It is with enormous pleasure that we can reveal a groundbreaking victory for our oceans campaign: Princes, a leading tinned tuna brand, finally got your message that canning ocean destruction is unacceptable. Thanks to your efforts – the company has just announced a plan to change the way it gets its tuna.

After receiving over 80,000 emails from Greenpeace supporters, Princes says it will no longer rely on indiscriminate and destructive fishing methods that kill all kinds of marine creatures like sharks and rays. The campaign to convince Princes to ‘change its tuna’ began in 2010, and reached a climax a few weeks ago, when Greenpeace activists climbed on top of Princes HQ in Liverpool, while others dressed in shark costumes and played the theme tune ‘Jaws’ through loud speakers.

Ambitious action plan

Princes has just shared their ‘tuna action plan’ with us, which commits to having all of the company’s tinned tuna caught by either pole and line or purse seine fishing, without the use of FADs (fish aggregation devices — read “ocean annihilation devices”), by 2014. They can’t say yet what the split will be between those two catch methods, but the important thing is they’ve made the commitment to get rid of the use of FADs in conjunction with purse seine nets.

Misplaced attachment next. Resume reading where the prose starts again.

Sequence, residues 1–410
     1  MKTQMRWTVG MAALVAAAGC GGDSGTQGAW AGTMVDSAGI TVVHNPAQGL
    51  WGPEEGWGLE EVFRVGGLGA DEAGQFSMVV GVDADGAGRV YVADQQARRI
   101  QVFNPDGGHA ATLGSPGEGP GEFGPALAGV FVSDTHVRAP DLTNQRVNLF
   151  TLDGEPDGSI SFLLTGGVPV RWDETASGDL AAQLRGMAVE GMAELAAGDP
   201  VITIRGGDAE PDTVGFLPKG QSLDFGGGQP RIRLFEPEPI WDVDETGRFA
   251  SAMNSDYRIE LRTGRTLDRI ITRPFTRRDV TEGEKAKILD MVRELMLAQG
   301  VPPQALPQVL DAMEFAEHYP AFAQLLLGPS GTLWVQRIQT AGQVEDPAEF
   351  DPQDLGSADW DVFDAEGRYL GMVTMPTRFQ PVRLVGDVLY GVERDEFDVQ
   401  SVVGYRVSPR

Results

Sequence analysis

Princes had already said it would add species information to its tins and would launch its own range of pole and line caught tuna, but this latest announcement brings the company in line with leading UK retailers such as Sainsbury’s, Marks & Spencer and Waitrose which have zero purse seined tuna in their supply chains.

Greenpeace Divers in the Pacific Ocean. © Paul Hilton

Greenpeace divers hold a banner calling for “More Marine Reserves Now” near a fish aggregating device (FAD). Greenpeace is seeking a global ban on the use of FADs and is campaigning to protect the world’s oceans through the creation of a global network of marine reserves.

Supporting marine reserves

The cherry on the cake is that Princes is now supporting the Pacific Commons marine reserves and have agreed not to source fish from that region. Together with Pacific Island Nations, we’ve been gathering support for the protection of these international waters, which are vital for key fish species like tuna. While our oceans, tuna and the tens of millions of people dependent on them for livelihoods may have won a small victory today, our work to rescue the world’s oceans will continue. As close as we are to achieving fully protected marine reserves in the Pacific – the majority of our oceans remain at risk. That’s why we’re campaigning for a network of marine reserves that cover 40% of the world’s oceans.

What next?

Over the last few years, you, our supporters, have been successfully applying pressure on corporations, with great results. You got Apple to phase-out the most dangerous chemicals in its product line. You convinced Unilever to stop sourcing palm oil from Indonesian rainforests, then last year got Nestle to do the same thing – you didn’t let up until they agreed. This year – we’re pretty sure you can turn around even more companies. So give yourself a pat on the back but don’t sit back and relax – there’s still a lot to be done!

If you haven’t already joined the campaign to get Facebook unfriending coal by Earth Day – you can do that right now. Get your friends involved. The more people we have pushing Facebook towards renewable energy – the more likely they’ll shift.

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